Australia ICOMOS > 2009 (Un)Loved Modern > Papers > War in the Pacific

War in the Pacific

World War II in the Pacific had a profound effect on the pre-war status quo of European colonial domination of the Asia-Pacific region. Independence for most of the region followed the war, but the physical relics of war linger as a tangible reminder of suffering, loss and the winning of freedom.

The preservation and interpretation of the physical remains of war reflect the value of sacrifice by those who fought and those who remained at home, to work in support of the efforts abroad.

War in the Pacific will examine the meaning of war in the region, the meaning of the relics of war and how these relics are preserved, venerated or destroyed.

Areas which could be explored: thematic studies of war sites, government agency identification and conservation of sites such as coastal defence infrastructure and aircraft crash and shipwreck sites, collections management, interpretation of sites and events, etc.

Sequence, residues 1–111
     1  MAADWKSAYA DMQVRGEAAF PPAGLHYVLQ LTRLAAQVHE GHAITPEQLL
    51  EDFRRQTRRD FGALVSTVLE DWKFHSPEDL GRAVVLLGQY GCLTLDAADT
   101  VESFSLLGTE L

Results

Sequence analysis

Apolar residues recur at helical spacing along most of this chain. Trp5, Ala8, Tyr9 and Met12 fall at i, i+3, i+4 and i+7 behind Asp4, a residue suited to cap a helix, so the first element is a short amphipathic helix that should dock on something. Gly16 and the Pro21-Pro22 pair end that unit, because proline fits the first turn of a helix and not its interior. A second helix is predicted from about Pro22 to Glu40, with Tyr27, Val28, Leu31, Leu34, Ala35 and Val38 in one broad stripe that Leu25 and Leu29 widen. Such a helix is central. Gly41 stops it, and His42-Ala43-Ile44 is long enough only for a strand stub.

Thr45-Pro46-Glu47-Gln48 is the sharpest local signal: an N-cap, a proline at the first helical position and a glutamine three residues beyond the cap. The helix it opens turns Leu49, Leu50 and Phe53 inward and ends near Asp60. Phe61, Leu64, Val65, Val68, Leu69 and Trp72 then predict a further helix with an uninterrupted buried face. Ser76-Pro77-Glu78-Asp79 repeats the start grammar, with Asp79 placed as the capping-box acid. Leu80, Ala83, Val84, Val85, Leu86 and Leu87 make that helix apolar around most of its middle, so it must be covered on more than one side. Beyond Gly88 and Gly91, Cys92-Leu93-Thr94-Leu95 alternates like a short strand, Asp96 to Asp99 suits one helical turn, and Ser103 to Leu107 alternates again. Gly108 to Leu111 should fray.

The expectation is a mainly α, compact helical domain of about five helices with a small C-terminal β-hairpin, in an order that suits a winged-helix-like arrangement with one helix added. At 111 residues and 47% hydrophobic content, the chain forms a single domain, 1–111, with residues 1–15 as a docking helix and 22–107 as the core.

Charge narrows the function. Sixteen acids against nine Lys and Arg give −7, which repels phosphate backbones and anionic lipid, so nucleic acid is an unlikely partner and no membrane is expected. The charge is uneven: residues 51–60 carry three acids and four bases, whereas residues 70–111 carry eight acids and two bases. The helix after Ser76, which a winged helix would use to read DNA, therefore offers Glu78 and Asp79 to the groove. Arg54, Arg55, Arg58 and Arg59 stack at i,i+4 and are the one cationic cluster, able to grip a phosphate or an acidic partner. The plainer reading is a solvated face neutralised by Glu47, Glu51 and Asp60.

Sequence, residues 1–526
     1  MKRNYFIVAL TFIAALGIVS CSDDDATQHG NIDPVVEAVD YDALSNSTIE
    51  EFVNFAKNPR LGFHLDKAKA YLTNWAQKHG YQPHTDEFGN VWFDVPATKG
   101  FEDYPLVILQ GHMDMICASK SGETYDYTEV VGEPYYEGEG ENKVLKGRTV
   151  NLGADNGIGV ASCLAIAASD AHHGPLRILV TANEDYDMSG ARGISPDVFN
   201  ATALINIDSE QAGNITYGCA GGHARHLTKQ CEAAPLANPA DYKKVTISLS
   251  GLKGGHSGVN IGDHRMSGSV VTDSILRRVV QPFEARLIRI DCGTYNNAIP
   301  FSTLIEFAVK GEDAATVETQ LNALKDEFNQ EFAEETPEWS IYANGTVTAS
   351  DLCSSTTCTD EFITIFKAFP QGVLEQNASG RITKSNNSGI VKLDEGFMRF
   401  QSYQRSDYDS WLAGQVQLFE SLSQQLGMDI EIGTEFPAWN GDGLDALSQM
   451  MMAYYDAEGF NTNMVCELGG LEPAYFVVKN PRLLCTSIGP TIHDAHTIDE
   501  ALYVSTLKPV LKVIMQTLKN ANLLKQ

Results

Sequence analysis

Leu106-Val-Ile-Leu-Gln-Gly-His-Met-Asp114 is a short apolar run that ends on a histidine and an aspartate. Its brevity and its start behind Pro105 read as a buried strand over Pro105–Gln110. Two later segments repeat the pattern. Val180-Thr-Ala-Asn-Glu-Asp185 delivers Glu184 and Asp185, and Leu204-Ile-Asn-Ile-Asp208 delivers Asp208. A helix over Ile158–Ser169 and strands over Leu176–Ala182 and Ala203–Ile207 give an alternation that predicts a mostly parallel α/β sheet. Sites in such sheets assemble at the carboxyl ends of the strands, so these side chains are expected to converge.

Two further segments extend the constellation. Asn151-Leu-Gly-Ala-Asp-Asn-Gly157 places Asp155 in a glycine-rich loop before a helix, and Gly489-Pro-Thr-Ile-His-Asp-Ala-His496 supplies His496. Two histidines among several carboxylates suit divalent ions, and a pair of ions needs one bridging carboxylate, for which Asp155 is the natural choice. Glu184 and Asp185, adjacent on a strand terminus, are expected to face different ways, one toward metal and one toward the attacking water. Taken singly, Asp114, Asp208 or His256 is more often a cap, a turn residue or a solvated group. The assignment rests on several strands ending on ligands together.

The papers listed below were presented in this stream.

John Schofield
Archaeology, Conflict and Heritage: Some thoughts and perspectives from the northern hemisphere

Full Paper
Author Biography

Tim Smith
M24 Out of the Depths: Shipwrecks instill a love of 20th Century Wartime Heritage

Presentation Slides
Author Biography

Scott Robertson
Identification of War Sites in NSW – A Thematic Study

Full Paper
Presentation Slides
Author Biography

David Wixted
Its got Maribyrnong written all over it

Full Paper
Presentation Slides
Author Biography

Jane Ainsworth
Sydney’s World War II Sites: Context, Networks and Growth

Presentation Slides
Author Biography